There are some foods that are especially harmful for your teeth and having these can lead to several problems.
Most of the foods that are mentioned on our list are common everyday foods that we consume without a thought. Dr Mukul Dabholkar, cosmetic dentist says, “Some foods can cause enamel erosion that could lead to increased teeth sensitivity to hot, cold, sweet and sour. Of course, these days you can suppress teeth sensitivity with certain toothpastes. But if your enamel damage worsens, the teeth become porous over a period of time and you develop cavity. You then need root canals and caps on them.”
The fact that once our teeth are damaged, no medicine can bring back them to their natural healthy state, is what is scary when it comes to tooth problems. Aesthetic dentist Dr Karishma Jaradi says that since one cannot stop eating these foods, it is essential that one should brush their teeth and rinse mouth thoroughly after eating them. Using a floss to remove remanents of food from between your teeth is recommended. Visiting your dentist regularly can control the damage done to your teeth because they can be saved from further harm. Dr Dabholkar says, “The main principle to protect your teeth is that sugar should stay in your mouth as briefly as possible.”
Candies, caramel, long-lasting sweets
Since hard candies stick and cling tenaciously to the surfaces of your teeth and also take a long time to dissolve, it is very harmful. Dr Dabholkar warns, “Hard sweets might probably crack a tooth when you bite into them.” Dr Jaradi adds, “It isn’t the amount of sugar taken which is d a m a g i n g but how often the intake is.”
If you thought sucking on lemon wedges is a home-remedy for tooth whitening then you need to rethink, says Dr Dabholkar, because it is very harmful. He suggests that after eating oranges, lemons, tomatoes and grapefruit, teeth should be rinsed thoroughly.
There are chewable vitamin tablets that have concentrated acids which harm teeth as they clings to them. Even health drinks and vitamin waters are bad for dental health.
We tend to consume a lot of junk, starchy food without knowing the after-effects. Potato chips, white bread, pizza, pasta and burgers can easily get lodged between teeth and in the crevices between two teeth. Agreed they are not sweet nor sugary but the starch in these foods soon begin converting into sugar almost immediately because of the predigestive process that begins in our mouths. The sugar is harmful and our enamel starts becoming decalcified.
Sodas, sports drinks
Sugary drinks like carbonated beverages, sports drinks are especially bad for teeth if one has them regularly. Dr Jaradi says, “Soft drinks are the leading source of added sugar among children and adolescents. Besides being laden with sugar, most soft drinks contain phosphoric and citric acids that erode tooth enamel.”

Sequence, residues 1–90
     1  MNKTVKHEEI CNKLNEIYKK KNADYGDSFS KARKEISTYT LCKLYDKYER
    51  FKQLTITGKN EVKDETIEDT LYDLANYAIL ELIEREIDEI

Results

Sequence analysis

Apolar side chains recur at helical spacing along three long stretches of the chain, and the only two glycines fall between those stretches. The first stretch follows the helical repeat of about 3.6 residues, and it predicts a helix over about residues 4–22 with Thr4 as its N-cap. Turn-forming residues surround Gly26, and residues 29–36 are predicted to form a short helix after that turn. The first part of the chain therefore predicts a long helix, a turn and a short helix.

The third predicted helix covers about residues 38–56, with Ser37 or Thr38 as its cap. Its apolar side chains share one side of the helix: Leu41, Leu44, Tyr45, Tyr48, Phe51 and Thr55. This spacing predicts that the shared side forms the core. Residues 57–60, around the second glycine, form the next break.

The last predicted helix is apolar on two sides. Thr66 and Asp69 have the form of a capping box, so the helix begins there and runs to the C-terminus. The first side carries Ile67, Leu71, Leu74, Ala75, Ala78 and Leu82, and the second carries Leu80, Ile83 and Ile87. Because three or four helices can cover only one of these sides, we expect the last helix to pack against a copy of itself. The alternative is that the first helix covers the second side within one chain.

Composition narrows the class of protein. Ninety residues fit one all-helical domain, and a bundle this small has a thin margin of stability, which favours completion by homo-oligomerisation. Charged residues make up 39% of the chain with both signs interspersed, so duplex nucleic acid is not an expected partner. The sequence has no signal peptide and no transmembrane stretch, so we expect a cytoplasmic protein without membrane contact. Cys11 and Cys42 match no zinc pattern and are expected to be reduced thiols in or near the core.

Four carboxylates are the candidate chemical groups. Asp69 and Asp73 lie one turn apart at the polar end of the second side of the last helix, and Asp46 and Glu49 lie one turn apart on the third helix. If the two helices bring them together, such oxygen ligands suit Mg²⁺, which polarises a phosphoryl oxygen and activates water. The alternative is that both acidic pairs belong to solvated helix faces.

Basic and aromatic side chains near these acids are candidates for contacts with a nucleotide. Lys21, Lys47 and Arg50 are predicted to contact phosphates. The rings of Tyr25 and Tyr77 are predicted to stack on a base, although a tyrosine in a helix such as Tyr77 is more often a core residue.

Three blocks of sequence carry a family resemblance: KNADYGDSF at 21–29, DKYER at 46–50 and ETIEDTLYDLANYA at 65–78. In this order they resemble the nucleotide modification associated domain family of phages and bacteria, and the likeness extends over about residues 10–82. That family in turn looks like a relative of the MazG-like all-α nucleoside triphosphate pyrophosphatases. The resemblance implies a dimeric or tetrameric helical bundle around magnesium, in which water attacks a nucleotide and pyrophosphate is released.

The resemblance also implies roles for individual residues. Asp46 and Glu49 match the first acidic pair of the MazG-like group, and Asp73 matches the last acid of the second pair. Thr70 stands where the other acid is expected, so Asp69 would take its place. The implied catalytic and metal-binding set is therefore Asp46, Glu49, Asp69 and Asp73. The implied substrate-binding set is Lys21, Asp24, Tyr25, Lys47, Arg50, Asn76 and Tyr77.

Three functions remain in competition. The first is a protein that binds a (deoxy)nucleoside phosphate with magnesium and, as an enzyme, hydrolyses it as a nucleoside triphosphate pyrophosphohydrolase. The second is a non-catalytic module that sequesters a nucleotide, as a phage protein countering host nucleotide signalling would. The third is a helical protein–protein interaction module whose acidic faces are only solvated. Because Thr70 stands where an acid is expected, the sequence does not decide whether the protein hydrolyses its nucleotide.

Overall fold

Sipping on a sugary beverage continuously for hours is very harmful, drinking it all at once is at least better.
Dr Dabholkar says, “The high sugar content in drinks is bad for both our body and teeth. Diet drinks which are artificially sweetened contain tooth-eroding acids. Iced teas too contain flavour-enhancing organic acids that can erode tooth enamel. Tea as a beverage without sugar and milk has a positive effect on teeth because of their anti- carcinogenic property or making teeth resistant to decay.”
In between your meals you snack on a packet of dried fruits instead of a processed fruits — you are unaware that even dried fruits can be harmful for our teeth because of their concentrated sugar content and stickiness. Dried raisins, prunes, apricots, anjeer are gummy. So, parts of them easily adhere to teeth and the sugar in them encourage bacteria in the mouth that erodes tooth enamel. Dr Dabholkar says, “Dried fruits are packed with non-soluble cellulose fibre, which can bind and trap sugars on and around the tooth, making it worse than sweets.” Chewing regular fruits, however, is less harmful, because even though they have sugar too, they aren’t as sticky and the saliva helps in cleaning up.
Alcohol and wine
Saliva in our mouth helps to wash away food particles and protect against acidic foods and since alcohol suppresses the production of saliva, it is harmful for teeth, may lead to gum disease and even mouth cancer. Dr Jaradi says, “If taken in excess, acidic composition of wines dissolves enamel, makes teeth porous and easily stained.”
And ones that are good…
This is indispensable. You should rinse your mouth with water every time you eat or drink (hot/cold beverages).
Milk, curd, paneer, cheese have essential vitamins and minerals. They can replenish the calcium needed for teeth health.
Fruits and vegetables
High-fibre foods can actually scrub your teeth clean. Fruits and vegetables that are crunchy and juicy like cucumber, watermelons, muskmelons apples, pears have water content that offsets the fructose.
Vitamins, minerals, calcium, iron, potassium, zinc and other nutrients present in nuts like almonds, walnuts, cashews and peanuts are good for your teeth.
A warm cup of green tea has polyphenol that helps suppress bacteria and can help fight cavities and plaque. Coffee and cocoa are also beneficial.
Don’t brush your teeth right after drinking or eating something acidic — a sugary carbonated beverage — otherwise the enamel erodes away faster. Rinse with water thoroughly, wait for around half-an-hour to let the natural saliva do its job, and then brush.